express their fundamental business strategies through information technology." (Krishnan, K.
Ananth, 2008, p. 4) It is widely accepted that the key to success in any business is through
innovation and in the last twenty years, much of the success has been through innovation in the
area of information technology and telecommunications. Moreover, these innovations have taken
us from the internet and mobile computing to the latest cutting-edge technology, Cognitive
Radio. "Just as the emergence of cell-phone technology has led to wide social and business
consequences, cognitive radio's adoption will induce similar changes as advanced devices exploit
the wireless web to displace now traditional cell phones." (Ashley, 2006, p. 73)
“Development of cognitive radio is still at a conceptual stage. Nevertheless, as we look to
the future, we see that cognitive radio has the potential for making a significant difference to the
way in which the radio spectrum can be accessed with improved utilization of the spectrum as a
primary objective. Indeed, given its potential, cognitive radio can be justifiably described as a
‘disruptive, but unobtrusive technology.’”(Haykin, 2005, pp. 202-203) The purpose of this
research is to identify the conditions necessary for organizations to adopt Cognitive Radio
architecture by determining the important driving factors of that adoption. In order to
accommodate the purpose of this research, we suggest research questions concerning two
Research Paper 12
different groups of organizations: domestic to international and SME to Large Enterprise. We
then suggest two hypotheses for each question that will “contribute [toward] filling the existing
gaps and constitutes [another] step in the direction of more comprehensive future research.”
(Nieto & Tse, 2006, p. 260) What follows next are the research questions and the hypotheses.
Q1. Are the conditions for a Domestic Corporation to move from the traditional
phone system to a Cognitive Radio system different for an International Corporation?
Given the telecommunication industry’s inability to make the Plain Old Telephone
Service (POTS) available to every person everywhere, while “cellular radio network
infrastructures are growing at a tremendous rate [and] people are purchasing mobile phone
contracts because they provide a useful and relatively cheap service. The services provided by
network operators are being extended to include data services. Geographical coverage of
networks is enlarged by means of global roaming,”(Walter & Kritzinger, n.d.) as well as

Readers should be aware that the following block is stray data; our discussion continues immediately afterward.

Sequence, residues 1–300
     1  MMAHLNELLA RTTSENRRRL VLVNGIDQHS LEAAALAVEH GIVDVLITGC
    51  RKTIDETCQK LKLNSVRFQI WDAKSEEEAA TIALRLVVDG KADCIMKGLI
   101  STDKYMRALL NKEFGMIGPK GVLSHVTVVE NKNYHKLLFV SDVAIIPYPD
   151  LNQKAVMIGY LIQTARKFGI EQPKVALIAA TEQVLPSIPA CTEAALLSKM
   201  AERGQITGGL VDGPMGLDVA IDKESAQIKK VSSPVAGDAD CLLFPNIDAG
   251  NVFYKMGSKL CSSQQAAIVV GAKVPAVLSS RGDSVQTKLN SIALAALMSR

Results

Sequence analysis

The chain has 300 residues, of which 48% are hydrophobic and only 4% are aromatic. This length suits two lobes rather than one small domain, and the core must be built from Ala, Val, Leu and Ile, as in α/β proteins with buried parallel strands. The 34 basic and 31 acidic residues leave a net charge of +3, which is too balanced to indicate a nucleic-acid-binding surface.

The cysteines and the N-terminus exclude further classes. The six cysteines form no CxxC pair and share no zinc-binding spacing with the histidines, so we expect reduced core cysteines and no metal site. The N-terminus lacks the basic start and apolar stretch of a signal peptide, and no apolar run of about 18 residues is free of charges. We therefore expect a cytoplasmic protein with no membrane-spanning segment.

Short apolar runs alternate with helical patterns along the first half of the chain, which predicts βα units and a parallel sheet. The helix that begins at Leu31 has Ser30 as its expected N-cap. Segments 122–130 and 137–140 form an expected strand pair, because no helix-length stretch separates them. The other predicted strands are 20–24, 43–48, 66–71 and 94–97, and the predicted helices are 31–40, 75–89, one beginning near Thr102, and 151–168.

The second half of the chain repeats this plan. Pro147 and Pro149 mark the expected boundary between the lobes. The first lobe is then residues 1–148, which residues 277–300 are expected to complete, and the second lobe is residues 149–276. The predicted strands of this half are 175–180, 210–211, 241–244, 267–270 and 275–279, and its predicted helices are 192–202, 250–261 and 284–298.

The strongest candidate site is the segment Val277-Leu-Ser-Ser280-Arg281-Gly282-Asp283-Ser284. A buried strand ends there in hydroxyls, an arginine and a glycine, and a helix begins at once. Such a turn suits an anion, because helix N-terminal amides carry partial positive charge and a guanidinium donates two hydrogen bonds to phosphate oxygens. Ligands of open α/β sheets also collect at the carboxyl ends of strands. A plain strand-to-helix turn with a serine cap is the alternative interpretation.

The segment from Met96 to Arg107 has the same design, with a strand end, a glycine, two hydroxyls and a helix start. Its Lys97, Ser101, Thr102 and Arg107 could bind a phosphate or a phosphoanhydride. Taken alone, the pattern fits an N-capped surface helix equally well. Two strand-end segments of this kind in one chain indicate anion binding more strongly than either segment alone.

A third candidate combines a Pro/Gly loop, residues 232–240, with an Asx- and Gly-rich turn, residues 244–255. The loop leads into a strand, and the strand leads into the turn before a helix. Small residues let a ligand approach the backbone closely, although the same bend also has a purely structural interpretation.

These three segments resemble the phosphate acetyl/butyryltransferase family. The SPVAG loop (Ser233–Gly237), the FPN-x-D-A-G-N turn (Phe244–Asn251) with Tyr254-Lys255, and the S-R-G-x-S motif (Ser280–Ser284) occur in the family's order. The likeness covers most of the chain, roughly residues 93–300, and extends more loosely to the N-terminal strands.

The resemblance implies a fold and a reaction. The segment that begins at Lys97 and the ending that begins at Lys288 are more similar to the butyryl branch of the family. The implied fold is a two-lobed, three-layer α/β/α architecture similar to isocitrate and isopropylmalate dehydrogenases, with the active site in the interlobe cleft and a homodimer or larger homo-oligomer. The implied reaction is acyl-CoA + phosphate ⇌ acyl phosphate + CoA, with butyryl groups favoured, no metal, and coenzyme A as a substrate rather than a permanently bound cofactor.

becoming fundamental to the global economy. As technology is constantly evolving, the next
enhancement on the traditional mobile phone is the cognitive radio. This new technology “holds
the promise of a new frontier in wireless communications,”(Haykin, 2005, p. 218) with endless
possibilities and open to virtually anyone, consumers and businesses alike. However, whether for
the good or bad, there is a struggle between those that want to continue with the traditional
architecture or the current cellular system and those that want and need the latest technology.
While there are numerous concerns regarding a firm's adoption of cognitive radio, such
as, security and privacy, support, interoperability and compliance, these concerns are the same
for those with the current systems. However, international markets have standardized the current
cellular paradigm, in a way that the US domestic market can only dream of. In addition, just as
there are concerns for adoption, there are important factors that could firms to invest in cognitive
Research Paper 13
radio. Consequently, looking at these driving factors could contribute toward an answer to
question one. It follows that we have the following hypothesis.
H1a: The driving factors for adopting Cognitive Radio are the same for Domestic and
International firms.
Another side to the question is whether one type of firm, domestic and international
adopts cognitive radio at the same or different rates. “The decisions concerning the future of
cognitive radio technology are shaping up as a battle between two giant business sectors: the
cell-phone and telecommunications industry versus ‘the Internet industry,’ which includes
Microsoft, Intel, Google, Internet Service providers and consumer computer firms. Although
entrenched interests may resist it, progress toward cognitive radio seems likely because the